Queens Death: Changes To Expect from Cash, stamps and Anthem

Written by on September 9, 2022

The death of Queen Elizabeth II marks a monumental and disruptive moment in the history of the nation.

For many decades, there has been one consistent face on all over stamps, coins and notes, and her initials adorn postboxes, uniforms and government signage all across the UK.

Thus, changing all this will be a huge and costly task, one likely to take several years if not decades, and indeed, one that may never be completed.

National anthem

The change in the UK’s head of state is a massive upheaval which will change so many things from the national anthem.

Obviously, the words of the national anthem will be switched from “God save our gracious Queen” to “God save our gracious King” – although it may take time before large crowds sing the new version with confidence.

Bank notes and coins

However, one of the biggest changes people will notice in their daily lives is what will happen to the money in their pocket in the years following the Queen’s death.

Now that the Queen has died, new currency bearing Charles’ image will eventually enter circulation – slowly but steadily replacing the notes and coins bearing his late mother’s face.

The first step in this transition is the selection of designs for coins and notes bearing a portrait of the new King, a process which will take time.

Money with the Queen’s image on it will still be legal tender, so the cash you have on hand isn’t going to suddenly become worthless.

Once the image of King Charles III that will be on the money has been chosen, it will start to be printed on coins and notes.

From that point onwards there will be a steady and gradual change as new coins and notes with the King on them enter circulation.

Meanwhile, the Bank of England says current banknotes featuring the image of The Queen will continue to be legal tender in the United Kingdom for now. A further announcement regarding existing banknotes will be made once the period of mourning has been observed according to the bank.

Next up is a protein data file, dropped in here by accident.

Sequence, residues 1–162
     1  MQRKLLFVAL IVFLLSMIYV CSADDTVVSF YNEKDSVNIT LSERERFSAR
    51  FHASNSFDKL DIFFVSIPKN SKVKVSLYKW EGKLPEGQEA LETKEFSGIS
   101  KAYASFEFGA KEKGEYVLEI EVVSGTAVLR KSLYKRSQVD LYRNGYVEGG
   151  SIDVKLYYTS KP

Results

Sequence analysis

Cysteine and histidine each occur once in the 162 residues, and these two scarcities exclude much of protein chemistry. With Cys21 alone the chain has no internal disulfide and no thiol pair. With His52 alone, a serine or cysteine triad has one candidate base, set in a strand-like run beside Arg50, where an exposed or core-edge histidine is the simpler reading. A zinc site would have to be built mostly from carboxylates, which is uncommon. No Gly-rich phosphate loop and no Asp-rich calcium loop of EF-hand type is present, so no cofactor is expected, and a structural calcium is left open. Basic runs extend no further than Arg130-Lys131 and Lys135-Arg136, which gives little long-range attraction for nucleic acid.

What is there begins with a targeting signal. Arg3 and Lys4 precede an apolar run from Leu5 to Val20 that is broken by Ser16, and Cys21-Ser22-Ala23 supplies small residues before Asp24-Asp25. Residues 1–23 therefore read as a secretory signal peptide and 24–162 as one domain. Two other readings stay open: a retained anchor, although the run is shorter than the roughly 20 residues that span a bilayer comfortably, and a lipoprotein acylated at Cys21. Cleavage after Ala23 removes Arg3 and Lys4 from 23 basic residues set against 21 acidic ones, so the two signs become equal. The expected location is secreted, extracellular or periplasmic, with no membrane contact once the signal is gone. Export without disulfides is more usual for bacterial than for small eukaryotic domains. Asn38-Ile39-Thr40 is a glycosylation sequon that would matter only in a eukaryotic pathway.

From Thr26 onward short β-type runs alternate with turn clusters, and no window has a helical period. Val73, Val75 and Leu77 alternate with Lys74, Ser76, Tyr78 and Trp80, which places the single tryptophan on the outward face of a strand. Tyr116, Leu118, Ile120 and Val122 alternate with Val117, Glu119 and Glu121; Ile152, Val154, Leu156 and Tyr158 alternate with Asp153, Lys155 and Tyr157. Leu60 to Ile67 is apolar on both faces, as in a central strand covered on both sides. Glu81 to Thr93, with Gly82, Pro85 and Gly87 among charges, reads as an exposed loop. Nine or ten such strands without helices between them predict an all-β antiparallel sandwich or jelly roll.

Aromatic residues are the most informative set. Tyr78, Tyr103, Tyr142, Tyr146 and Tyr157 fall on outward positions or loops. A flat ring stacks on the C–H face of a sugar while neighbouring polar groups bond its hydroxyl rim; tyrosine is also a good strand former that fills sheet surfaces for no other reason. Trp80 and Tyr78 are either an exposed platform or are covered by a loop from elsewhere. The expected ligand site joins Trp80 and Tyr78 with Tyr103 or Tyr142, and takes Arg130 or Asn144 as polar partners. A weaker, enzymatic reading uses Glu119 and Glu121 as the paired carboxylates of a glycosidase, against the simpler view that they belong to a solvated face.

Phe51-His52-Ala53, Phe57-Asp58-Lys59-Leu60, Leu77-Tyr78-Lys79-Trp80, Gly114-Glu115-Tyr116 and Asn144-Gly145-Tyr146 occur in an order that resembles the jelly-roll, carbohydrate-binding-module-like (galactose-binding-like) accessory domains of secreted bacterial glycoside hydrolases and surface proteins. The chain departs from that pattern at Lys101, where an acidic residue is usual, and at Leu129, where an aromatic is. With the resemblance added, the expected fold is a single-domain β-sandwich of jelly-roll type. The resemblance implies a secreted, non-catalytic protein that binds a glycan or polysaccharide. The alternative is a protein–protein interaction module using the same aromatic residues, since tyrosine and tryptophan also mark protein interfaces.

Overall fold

Royal arms

The familiar royal arms, which feature a lion and a unicorn rampant against a shield, are used widely on government premises and stationery, and any change would be costly, but it may not be necessary. It would need to change if the new monarch decided to represent Wales on the shield in line with any change to the royal standard.


From the flags that fly outside police stations across the UK to the standard used on a naval ship when a general is onboard, thousands of flags emblazoned with EIIR will need to be replaced. Military regiments fly “Queen’s colours”, many of which are studded with a golden embroidered EIIR; the fire service ensign includes her initials and countries where the Queen remains head of state, including Australia, Canada and New Zealand, have what flag experts call “E flags” – personal flags for the Queen that are used when she is visiting.

Royal cypher

A royal usually appears on government buildings, uniforms, royal or state documents and royal-affiliated items.

It is unique to each reigning monarch and consists of their name and title.

However, now that the Queen has died, ER could be swapped for CR.

Though the second letter may not change because the R can stand for either Rex or Regina, the Latin for King and Queen.

However, the next royal cypher is not confirmed yet.

Post boxes and stamps

Royal Mail postboxes are marked with ERII, which stands for Elizabeth Regina II.

Royal Mail postboxes bearing Queen Elizabeth’s royal cypher, ER, are unlikely to be removed.

Some with King George VI’s GR cypher remain in use today, 70 years on. The Post Office, however, will change stamps, with a profile image of the new monarch being used.

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